For awhile I’ve been feeling really bad about procrastinating and wasting time.
It makes me feel guilty. And you have no idea – I’ll watch TV and movies for 16 straight hours to procrastinate from doing any work.
I feel almost OCD about it. The reluctance I have towards something I know I have to do is overwhelming for me. But the weird thing is, there’s nothing I really have to do (except some client work still, book cover design stuff), just piles of projects I should do.
And that stuff doesn’t get done until I commit to a date. I don’t always hit my dates, but I do sometimes. I have so many different projects going I bounce around a lot. But one thing I’ve noticed is I usually do get stuff done just before a deadline. It might be a little sloppy and rushed, sure it could have been better, but I’ll put it off until I know I really need to get it done. Sometimes with just hours to spare.
I wrote almost all of my school papers that way, after starting the day before (even when doing my MA and PHD!). I’m not saying I’m brilliant, it would be a lot easier and smarter for me to spread it out and work on it before hand.
Although I can’t call it a system, it does appear to be the process I use.
Which is suddenly illuminating to the resistance I’ve felt towards writing this month.
I’ve finished and published 3 half-length novels in the last 3 months (about 150,000 words).
Last year I had virtually no experience publishing fiction. I’d never even finished plotting a whole novel before. I struggled in the fall of 2016 through my first rough draft, editing, rewriting and proofing until I actually had some readable material.
This year, I’m starting to get the hang of things. I set a crazy fast publishing deadline, and committed to it by not only pre-publishing for preorder on Amazon, but I also spent some money on promotions. So this is happening.
But my book is about half done. 17 chapters, 11 of them are kind of done. The rest are rough notes, not even a first draft. The deadline for uploading my final manuscript is in 2 days. But I know that’s a soft deadline, because actually I can upload a new version of the book later. So I really have like, 10 days.
And the problem is, I know I can do it.
Each chapter will be around 2000 words. So even if I only wrote a chapter a day in the next week, I’d get it done. Then a day for line editing, and a day for proofreading.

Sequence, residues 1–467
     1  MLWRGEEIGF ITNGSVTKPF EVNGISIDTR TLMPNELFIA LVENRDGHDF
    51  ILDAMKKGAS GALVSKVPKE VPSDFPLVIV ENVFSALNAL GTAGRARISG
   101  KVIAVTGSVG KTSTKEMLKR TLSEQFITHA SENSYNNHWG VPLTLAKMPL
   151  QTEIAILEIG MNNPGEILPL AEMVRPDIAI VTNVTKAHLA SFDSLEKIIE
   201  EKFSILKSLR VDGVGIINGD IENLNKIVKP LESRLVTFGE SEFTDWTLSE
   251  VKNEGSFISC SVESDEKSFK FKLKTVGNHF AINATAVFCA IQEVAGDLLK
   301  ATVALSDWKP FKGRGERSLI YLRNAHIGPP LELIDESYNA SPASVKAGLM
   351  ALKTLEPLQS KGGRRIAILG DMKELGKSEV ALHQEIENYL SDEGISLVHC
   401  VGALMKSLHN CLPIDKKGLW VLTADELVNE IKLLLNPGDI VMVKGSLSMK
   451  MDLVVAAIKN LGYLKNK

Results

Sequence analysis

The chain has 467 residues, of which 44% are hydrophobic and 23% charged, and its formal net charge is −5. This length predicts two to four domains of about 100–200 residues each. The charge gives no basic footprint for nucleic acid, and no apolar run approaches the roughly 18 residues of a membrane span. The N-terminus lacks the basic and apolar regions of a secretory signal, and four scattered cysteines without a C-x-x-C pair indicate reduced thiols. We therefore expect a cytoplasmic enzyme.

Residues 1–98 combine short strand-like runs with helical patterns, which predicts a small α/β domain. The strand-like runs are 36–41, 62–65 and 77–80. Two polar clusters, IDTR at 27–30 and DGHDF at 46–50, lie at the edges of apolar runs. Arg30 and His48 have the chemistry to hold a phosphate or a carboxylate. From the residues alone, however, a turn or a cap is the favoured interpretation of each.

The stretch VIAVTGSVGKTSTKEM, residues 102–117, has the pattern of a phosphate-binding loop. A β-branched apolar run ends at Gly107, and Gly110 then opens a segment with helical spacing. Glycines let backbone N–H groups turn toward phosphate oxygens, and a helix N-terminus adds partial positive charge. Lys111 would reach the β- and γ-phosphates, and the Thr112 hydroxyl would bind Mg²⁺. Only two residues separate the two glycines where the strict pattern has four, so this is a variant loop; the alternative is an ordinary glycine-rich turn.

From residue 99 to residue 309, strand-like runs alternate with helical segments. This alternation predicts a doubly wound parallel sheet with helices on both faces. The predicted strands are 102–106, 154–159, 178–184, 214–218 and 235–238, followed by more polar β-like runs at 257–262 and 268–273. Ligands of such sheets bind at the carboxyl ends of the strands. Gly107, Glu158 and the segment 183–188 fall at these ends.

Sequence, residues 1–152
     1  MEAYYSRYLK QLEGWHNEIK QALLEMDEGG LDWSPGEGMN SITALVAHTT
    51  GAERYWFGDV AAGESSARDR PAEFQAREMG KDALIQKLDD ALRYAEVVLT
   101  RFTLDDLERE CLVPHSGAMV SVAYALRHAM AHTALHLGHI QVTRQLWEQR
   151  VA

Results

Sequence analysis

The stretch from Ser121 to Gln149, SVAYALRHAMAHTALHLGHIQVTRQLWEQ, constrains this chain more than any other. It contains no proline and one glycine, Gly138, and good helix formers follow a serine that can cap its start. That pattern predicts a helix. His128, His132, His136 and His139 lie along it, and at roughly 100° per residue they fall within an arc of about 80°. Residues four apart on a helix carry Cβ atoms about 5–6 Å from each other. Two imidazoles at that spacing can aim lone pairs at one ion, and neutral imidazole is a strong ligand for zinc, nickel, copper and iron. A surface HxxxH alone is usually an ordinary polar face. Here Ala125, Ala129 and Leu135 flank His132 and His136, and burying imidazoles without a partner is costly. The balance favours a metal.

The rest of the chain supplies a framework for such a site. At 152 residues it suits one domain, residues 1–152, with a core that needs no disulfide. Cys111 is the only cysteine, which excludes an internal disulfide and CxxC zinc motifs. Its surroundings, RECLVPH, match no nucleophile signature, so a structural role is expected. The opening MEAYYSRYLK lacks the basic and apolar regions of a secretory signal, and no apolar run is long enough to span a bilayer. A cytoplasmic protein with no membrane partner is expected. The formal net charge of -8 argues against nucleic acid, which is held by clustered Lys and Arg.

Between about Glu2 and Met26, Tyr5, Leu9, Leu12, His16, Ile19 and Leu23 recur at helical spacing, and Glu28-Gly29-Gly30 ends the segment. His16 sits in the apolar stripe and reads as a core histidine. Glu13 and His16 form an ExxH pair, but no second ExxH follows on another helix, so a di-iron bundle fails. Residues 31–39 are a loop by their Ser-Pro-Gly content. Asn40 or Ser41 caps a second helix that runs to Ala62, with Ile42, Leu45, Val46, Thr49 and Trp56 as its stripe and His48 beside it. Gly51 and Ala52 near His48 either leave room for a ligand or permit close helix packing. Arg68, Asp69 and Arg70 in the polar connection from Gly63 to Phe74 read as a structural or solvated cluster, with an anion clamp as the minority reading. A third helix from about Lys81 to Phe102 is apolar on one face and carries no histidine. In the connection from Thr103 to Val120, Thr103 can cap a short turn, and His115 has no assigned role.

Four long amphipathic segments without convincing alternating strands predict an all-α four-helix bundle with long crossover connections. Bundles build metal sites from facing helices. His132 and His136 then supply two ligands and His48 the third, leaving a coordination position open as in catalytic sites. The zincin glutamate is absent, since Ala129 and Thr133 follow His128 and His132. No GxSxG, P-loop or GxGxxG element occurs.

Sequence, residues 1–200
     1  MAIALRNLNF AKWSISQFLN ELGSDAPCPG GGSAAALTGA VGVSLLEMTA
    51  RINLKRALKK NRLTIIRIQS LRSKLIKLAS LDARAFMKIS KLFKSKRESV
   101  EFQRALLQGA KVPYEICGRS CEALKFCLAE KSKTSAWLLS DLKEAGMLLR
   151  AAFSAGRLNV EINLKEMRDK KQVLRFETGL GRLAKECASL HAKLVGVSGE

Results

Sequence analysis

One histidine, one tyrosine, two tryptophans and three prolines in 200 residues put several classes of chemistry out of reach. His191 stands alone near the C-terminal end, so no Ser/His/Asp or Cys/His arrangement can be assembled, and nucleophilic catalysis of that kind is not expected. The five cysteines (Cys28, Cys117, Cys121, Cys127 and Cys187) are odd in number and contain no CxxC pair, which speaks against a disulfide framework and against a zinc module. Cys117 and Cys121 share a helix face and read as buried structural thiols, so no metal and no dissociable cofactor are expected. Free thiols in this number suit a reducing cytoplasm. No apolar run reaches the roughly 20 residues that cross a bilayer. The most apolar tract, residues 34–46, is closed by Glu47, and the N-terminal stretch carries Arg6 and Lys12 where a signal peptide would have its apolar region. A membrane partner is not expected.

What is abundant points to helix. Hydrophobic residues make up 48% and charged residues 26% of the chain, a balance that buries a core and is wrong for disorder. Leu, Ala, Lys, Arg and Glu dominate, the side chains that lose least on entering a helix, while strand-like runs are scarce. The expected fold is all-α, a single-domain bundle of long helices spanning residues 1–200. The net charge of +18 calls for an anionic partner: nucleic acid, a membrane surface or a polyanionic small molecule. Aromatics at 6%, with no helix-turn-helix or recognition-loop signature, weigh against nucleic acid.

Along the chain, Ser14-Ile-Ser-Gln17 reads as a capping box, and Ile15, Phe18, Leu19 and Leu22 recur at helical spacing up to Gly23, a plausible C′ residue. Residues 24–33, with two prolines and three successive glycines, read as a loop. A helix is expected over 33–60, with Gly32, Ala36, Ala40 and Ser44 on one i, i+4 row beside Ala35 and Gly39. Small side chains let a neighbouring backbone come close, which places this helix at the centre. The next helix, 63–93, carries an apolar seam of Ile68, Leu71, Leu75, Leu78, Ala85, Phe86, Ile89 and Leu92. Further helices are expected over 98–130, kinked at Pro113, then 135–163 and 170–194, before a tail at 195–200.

Will it be perfect? No. Can I get it done so it will be readable? Yes.
In fact, the problem I’m facing is that I know I don’t even need that much time. I could do 3 chapters a day for three days – in which case I still have several days to procrastinate. Somehow my body knows the actual deadline, when I really have to get something done.
Then it’ll be stress and caffeinated marathon sessions until I finish.
Part of my easy-goingness is that I know story is more important than style.
I could fix the writing and make it much better, but the story is what counts. I’m trying to publish a lot of stories, quickly, to see what readers respond to the most. I can edit and polish and fix it later (also, since I’m publishing first halves of full novels, I’m even more relaxed because I feel like these are just tests.)
I’m not recommending following my process exactly, but if you find it hard to make time for your writing, it’s probably because:
You haven’t set any hard deadlines.
If you have set hard deadlines, they probably weren’t hard enough (there needs to be a pain of consequence.) I first set my books to preorder over a year ago, and failed that hard deadline – so I got my preorder privileges taken away for a year.
I’ve failed lots of hard deadlines. Yeah it kind of sucks. Failure hurts. But it also makes you more determined. Fail big. Fail publicly. It’s OK.
Keep setting deadlines and getting sick of failing.
But also, think about your own personality.
How did you deal with schoolwork as a kid?
You can write 500 words a day for a year, or I can write 5000 words a day for a month. We both pass 100K and have a finished novel. What difference does it make how we got there?
I’m a philosophy dropout with a PhD in Literature. I covet a cabin full of cats, where I can write fantasy novels to pay for my cake addiction. Sometimes I live in castles.
an interesting take. basically, find what works for you, and do that.